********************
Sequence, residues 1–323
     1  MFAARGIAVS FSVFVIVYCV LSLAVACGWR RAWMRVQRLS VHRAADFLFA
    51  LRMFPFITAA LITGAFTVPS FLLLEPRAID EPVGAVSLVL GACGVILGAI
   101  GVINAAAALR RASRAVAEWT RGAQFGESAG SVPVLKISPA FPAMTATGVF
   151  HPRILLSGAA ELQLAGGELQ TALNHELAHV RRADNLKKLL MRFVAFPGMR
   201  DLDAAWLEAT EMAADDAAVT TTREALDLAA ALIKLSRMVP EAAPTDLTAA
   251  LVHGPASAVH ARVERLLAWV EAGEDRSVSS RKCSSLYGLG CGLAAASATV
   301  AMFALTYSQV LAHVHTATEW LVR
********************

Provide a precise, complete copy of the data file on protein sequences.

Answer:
Sequence, residues 1–323
     1  MFAARGIAVS FSVFVIVYCV LSLAVACGWR RAWMRVQRLS VHRAADFLFA
    51  LRMFPFITAA LITGAFTVPS FLLLEPRAID EPVGAVSLVL GACGVILGAI
   101  GVINAAAALR RASRAVAEWT RGAQFGESAG SVPVLKISPA FPAMTATGVF
   151  HPRILLSGAA ELQLAGGELQ TALNHELAHV RRADNLKKLL MRFVAFPGMR
   201  DLDAAWLEAT EMAADDAAVT TTREALDLAA ALIKLSRMVP EAAPTDLTAA
   251  LVHGPASAVH ARVERLLAWV EAGEDRSVSS RKCSSLYGLG CGLAAASATV
   301  AMFALTYSQV LAHVHTATEW LVR